The Jazz Butcher

Ed Carter - I'm afraid your "virtual clippings" collection is indeed incomplete and inaccurate.

You're spot on about the Robin Gibson thing. In fact he has now carried the JBC crusade right home to bed, having recently had affairs with two of my recent ex-lovers. Hmmm. Sometime I ask him how the book is going, but he's always pissed so he just mumbles and looks worried. His verdict on Western Family, which I think might amuse you "Well, there's nothing wrong with the songs or the sound a bit...TINNY, man."

The 1990 "Live review of something else" was, actually, a 1988 live review of the Doing For The Kids concert in London. Barbara Ellen quite rightly hated The House Of Love and that boring old pervert Momus, slept through My Bloody Valentine, ignored Felt (who were good that day) and was personally abusive to just about everyone else in the building, ranting nobly - but in this case a little misguidedly - about students, sad indie scum and the like. The only band of the day that got a good review from her was the JBC. She concluded by asking - "NME cover stars in my lifetime? It's not impossible." The JBC, like Diana Ross, are Still Waiting. Dame!

The NME review of Cult Of The Basement was a bit more than 5 lines. It called me a "master fetishist" (how do he KNOW?) and gave the record eight out of ten, a score that would have won a more fashionable act a great deal of space, I suspect. They did print a small photo, though.

The MM also gave a positive review, and their Chris Roberts wrote a half-page feature, with photo, talking about things like "maverick genius". Select magazine also printed a lengthy review with a photo. Condition Blue did not get reviewed in the weeklies, as far as I know, though I did see a quota from the NME's Simon Williams from the summer of 1991 that called me "one of the country's most talented and personable story tellers" (aaaaaah) which suggest that there might have been a review there. I was in L.A. all summer so i can't say.

The l.p. certainly attracted good reviews in Select (Dave Kavanagh, who later told me "Condition Blue is the first JBLP that I really LOVE") and Vox (Keith Cameron, winning my Writer Of The Year Award for "his trademark spooked misappropriation of classic guitar rock"), who also printed a photo. All I'm really saying is that you shouldn't appoint yourself some kind of international press monitor simply on the strength of things that your pals might have chanced upon in the weeklies. I feel that the monthly press in Britain is aimed at the older audience, so it doesn't surprise me if that's where our stuff gets the attention. The weeklies, surely, are for students, and, being 35, I don't really have much to say to British students except "Get a fucking haircut!" By the way, both Select and Q Magazine have published positive reviews of Western Family too.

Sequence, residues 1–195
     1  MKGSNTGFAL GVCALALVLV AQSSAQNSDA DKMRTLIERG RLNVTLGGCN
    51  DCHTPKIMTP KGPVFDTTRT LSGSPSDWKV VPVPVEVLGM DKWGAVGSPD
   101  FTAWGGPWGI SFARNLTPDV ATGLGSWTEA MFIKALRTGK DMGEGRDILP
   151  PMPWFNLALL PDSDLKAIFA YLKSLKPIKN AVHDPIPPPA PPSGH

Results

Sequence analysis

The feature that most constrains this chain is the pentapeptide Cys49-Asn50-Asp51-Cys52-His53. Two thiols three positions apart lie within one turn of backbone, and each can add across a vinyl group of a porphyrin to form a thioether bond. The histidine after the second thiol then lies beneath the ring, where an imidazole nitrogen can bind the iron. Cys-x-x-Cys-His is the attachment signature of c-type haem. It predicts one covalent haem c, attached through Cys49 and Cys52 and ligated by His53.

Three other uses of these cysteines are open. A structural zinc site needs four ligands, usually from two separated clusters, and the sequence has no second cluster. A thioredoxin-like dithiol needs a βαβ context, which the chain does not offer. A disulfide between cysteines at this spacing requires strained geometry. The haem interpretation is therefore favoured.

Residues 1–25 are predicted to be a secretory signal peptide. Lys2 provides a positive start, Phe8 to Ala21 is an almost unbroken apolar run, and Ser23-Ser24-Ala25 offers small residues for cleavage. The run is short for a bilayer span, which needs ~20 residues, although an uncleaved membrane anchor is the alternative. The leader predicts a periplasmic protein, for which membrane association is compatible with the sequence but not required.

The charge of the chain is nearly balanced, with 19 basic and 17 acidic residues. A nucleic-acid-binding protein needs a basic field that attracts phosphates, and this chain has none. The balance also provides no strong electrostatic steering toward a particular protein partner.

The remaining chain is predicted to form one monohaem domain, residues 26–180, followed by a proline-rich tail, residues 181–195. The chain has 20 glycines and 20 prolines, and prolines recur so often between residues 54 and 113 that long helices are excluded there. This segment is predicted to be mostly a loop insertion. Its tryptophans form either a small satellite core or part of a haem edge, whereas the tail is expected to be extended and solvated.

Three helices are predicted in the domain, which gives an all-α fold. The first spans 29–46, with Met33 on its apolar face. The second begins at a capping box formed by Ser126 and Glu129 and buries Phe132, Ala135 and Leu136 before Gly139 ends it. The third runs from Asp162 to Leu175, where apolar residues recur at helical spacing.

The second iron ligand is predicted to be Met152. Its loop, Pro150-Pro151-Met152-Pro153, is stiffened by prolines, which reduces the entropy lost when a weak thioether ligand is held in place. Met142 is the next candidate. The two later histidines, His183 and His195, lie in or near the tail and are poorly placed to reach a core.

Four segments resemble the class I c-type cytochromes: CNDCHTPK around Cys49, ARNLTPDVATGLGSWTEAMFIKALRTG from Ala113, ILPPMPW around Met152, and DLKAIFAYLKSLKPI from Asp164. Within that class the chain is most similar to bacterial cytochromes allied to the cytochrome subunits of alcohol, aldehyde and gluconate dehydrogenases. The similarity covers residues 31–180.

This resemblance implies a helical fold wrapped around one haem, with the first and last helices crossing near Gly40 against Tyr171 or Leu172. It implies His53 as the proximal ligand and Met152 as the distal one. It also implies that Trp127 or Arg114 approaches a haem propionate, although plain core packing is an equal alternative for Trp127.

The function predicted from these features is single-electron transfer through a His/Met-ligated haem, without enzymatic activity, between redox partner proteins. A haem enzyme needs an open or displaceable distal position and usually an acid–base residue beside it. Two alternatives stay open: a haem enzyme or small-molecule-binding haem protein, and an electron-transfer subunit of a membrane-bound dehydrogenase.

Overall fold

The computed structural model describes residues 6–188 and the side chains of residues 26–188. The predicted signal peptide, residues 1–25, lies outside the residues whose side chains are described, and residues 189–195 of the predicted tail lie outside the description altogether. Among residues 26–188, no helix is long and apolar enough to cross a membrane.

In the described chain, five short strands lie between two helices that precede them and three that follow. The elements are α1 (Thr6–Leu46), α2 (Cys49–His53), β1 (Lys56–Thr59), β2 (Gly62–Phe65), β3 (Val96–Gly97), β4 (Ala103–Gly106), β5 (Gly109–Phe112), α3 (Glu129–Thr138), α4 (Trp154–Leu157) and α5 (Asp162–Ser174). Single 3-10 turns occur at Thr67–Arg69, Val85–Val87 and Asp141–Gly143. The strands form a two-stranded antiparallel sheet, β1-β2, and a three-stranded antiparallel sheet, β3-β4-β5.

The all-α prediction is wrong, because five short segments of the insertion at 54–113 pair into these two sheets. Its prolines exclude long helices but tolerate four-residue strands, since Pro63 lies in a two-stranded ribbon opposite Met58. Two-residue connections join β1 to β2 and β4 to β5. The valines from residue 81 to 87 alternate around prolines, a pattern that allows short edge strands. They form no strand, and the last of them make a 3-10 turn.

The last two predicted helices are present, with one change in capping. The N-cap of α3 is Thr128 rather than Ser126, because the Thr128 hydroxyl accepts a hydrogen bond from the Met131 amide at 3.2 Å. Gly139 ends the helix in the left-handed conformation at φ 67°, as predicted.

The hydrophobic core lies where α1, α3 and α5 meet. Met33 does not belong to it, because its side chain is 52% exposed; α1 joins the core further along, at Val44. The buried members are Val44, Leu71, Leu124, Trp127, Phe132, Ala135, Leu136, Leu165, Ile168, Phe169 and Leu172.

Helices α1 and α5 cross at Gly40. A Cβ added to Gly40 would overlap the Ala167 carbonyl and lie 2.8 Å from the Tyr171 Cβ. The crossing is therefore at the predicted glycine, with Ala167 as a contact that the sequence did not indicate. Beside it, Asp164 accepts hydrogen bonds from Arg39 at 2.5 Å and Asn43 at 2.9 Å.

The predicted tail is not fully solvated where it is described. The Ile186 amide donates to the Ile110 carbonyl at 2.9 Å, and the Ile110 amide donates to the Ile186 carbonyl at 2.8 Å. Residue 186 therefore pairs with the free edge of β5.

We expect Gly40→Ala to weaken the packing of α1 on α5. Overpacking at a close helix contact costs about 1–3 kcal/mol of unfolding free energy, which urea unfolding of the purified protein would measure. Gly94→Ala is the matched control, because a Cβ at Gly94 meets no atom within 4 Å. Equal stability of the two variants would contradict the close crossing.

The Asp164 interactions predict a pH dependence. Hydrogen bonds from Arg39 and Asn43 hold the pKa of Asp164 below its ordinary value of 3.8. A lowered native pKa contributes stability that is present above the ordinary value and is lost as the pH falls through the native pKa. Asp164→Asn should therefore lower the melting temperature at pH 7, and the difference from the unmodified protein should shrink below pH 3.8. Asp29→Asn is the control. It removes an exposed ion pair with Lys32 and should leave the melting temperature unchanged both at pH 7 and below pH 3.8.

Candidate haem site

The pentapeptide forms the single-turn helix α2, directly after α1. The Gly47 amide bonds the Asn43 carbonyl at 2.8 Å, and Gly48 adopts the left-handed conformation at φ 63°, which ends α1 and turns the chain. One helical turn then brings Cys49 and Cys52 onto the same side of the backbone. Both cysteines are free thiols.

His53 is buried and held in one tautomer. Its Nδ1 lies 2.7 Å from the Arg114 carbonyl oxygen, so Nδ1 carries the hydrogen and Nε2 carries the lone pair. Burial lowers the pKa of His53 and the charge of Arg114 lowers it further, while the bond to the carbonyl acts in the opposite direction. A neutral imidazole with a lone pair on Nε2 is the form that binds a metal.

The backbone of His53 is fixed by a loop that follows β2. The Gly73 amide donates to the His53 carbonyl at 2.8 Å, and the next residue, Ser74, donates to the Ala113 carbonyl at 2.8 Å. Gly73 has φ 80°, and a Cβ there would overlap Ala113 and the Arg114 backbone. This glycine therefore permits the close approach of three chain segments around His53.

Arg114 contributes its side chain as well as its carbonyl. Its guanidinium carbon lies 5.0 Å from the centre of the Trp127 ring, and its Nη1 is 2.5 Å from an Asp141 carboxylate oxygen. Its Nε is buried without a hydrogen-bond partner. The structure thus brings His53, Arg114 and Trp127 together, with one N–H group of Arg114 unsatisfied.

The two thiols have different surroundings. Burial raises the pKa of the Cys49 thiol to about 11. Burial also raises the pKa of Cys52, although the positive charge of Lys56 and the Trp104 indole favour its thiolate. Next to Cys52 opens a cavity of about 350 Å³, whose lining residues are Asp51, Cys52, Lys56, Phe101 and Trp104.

I'll tell you what, though, Ed. If you send me some wedge to cover the photocopying, I'll send you a wad of US and European press that will keep you occupied for a long, long time. We don't have a press agent (apart from some harassed youth at Creation Records, who is probably kept busy all day sending out photos of Ride), so the lack of UK press is hardly suprising. But then, hey, we don't even have a manager...

Your remark about headlining at the Dingwalls thing doesn't have much substance. In 1988 we played 37 shows in the UK and Ireland (including one at The Venue, Edinburgh), which, I suspect, were more the result of efforts made by our agent than the desire of one crazed news editor from Paisely. Train-spotters will need to know that we also played 30 dates in Continental Europe, 14 in the USA and 15 in Canada. In fact, those who need to know could conceivably get a list of every live JBC manifestation ever from this very writer... if they really want it.

I enjoyed your remarks about the K.D. Land (fuck it, start again; kd lang) photo.

I *know* this photograph! The best lookalike story I know concern the The Blue Aeroplanes when they supported REM on the Green tour of the UK in 1989. At the Birmingham NEC Peter Buck joined the Blue Aeroplanes guitar-army on the closing version of Tom Verlaine's Breaking In My Heart. Two punters were overheard in conversation: "Who's that other geezer on the guitar?" "Oh, that'll be the Jazz Butcher". I told Peter this story later, and it appealed to his sense of having a drink.

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